“Many patients who have a single seizure do not require anticonvulsant therapy…This decision is based on a discussion of the risk of seizure recurrence, the effectiveness of anticonvulsant treatment, and the adverse medical and socioeconomic effects of anticonvulsant treatment” (AlEissa and Benbadis, 2011).
AlEissa, E, I, MBBS, MD & Bebadis S, R, MD (Jan, 2011). First seizure in adulthood. Retrieved March 06, 2011 from http://emedicine.medscape.com/article/1186214-print
American Brain Tumor Association. (2010). Seizures. Retrieved March 14, 2011 from http://www.abta.org/
Benbadis, S. (2009). The differential diagnosis of epilepsy: A critical review. Retrieved March 18, 2011 from http://www.epilepsyfoundation.org
Boggs, J. G. (2010). Seizures and epilepsy in the elderly: Etiology, clinical presentation, and differential diagnosis. Retrieved March 12, 2011 from http://www.uptodate.com.
Centers for Disease Control and Prevention. (2011). Healthy Weight – it’s not a diet, it’s a lifestyle. Retrieved April 05, 2011 from http://www.cdc.gov/healthyweight/
Deglin, J.H. & Vallerand, A. H. (2010). Nursing Central from Unbound Medicine handheld platform. Davis’s Drug Guide, 2010. [PDA Software]. Philadelphia, PA: F. A. Davis Company.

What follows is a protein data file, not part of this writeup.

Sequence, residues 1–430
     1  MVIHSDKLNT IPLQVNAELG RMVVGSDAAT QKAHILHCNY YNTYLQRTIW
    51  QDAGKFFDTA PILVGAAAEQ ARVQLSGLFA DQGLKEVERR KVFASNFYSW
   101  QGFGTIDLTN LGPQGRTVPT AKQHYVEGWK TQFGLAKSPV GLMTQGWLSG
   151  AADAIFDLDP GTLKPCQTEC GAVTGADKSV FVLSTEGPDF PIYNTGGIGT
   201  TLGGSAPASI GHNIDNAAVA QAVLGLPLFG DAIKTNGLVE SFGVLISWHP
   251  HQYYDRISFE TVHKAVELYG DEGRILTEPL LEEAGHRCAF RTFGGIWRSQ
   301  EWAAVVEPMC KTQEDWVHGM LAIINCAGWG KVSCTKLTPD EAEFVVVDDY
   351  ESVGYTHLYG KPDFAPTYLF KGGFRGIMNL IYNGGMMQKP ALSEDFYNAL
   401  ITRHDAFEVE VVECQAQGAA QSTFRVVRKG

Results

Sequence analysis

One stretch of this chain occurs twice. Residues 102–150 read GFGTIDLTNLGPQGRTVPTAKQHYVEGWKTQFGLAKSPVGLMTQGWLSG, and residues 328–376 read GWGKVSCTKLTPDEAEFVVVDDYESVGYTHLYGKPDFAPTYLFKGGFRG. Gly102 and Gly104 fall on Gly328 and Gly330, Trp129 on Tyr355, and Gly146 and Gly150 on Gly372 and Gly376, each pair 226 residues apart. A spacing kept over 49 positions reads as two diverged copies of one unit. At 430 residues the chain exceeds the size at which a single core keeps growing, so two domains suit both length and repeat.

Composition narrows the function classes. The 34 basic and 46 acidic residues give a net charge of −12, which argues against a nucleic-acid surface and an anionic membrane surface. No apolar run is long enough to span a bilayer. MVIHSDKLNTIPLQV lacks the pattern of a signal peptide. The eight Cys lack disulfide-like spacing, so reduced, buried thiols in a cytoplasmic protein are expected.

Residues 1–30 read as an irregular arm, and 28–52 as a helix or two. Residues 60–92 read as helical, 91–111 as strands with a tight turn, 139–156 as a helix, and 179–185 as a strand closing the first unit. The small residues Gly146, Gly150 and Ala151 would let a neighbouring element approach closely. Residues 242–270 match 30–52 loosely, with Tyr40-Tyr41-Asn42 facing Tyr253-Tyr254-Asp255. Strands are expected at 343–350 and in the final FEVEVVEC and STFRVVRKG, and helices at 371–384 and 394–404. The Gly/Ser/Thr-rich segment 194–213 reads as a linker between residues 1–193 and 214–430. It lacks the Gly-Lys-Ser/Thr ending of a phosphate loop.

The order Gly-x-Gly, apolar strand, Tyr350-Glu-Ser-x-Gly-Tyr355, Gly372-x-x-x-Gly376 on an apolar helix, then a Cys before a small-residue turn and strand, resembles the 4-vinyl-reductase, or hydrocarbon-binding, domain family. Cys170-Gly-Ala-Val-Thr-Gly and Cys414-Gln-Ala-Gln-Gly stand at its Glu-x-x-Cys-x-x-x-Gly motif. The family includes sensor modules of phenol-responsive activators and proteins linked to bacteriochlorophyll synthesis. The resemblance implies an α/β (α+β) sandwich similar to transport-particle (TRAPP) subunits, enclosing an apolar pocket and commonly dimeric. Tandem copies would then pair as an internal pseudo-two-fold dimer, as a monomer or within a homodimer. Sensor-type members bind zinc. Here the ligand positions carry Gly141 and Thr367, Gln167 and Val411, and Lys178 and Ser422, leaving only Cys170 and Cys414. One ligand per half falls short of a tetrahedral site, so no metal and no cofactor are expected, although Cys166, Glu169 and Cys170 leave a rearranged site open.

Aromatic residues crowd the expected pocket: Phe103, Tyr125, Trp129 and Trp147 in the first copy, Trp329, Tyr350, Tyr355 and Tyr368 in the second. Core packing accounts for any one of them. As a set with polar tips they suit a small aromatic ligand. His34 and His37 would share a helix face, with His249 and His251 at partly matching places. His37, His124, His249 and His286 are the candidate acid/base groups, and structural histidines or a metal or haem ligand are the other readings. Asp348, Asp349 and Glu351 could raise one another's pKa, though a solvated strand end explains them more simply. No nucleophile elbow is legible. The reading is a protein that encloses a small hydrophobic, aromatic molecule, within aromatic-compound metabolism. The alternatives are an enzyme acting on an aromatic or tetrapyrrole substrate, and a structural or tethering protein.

Epocrates. (2011). Epocrates Essentials: Version 3.16. Horizon BCBSNJ Classic-PDL. [PDA Software]. BMJ Publishing Group Ltd.
Folstein, M.F., Folstein, S., & McHugh, P.R. (1975). “Mini-mental state": A practical method for grading cognitive state of patients for the clinician. Retrieved February 22, 2010 from http://utswfm.googlepages.com/NH_MMSE.pdf.
Harrigan, R.A., & Chan, T.C., & Moonblatt, S., & Vilke, G.M., & Ufberg, J.W. (2007). Temporary transvernous pacemaker placement in the Emergency Department. Retrieved April 03, 2011 from http://www.ncbi.nlm.nih.gov/pubmed/
Kanjwal, K., Karabin, B., Kanjwal, Y., & Grubb, B.P. (2009). Differentiation of convulsive syncope from epilepsy with an implantable loop recorder. Retrieved April 02, 2011 from http://www.medsci.org/v06p0296.pdf
Maromi, N, MD. (2009). “Cardiac effects of seizures”. Retrieved March 11, 2011 from http://www.ncbi.nlm.nih.gov/pmc/articles/PMC2728482/
Mathur, R.M.D., & Shiel, W. C. M.D, FACP, FACR. (2009). Hemoglobin A1c Test. Retrieved April 03, 2011 from http://www.medicinenet.com/hemoglobin_a1c_test/article.htm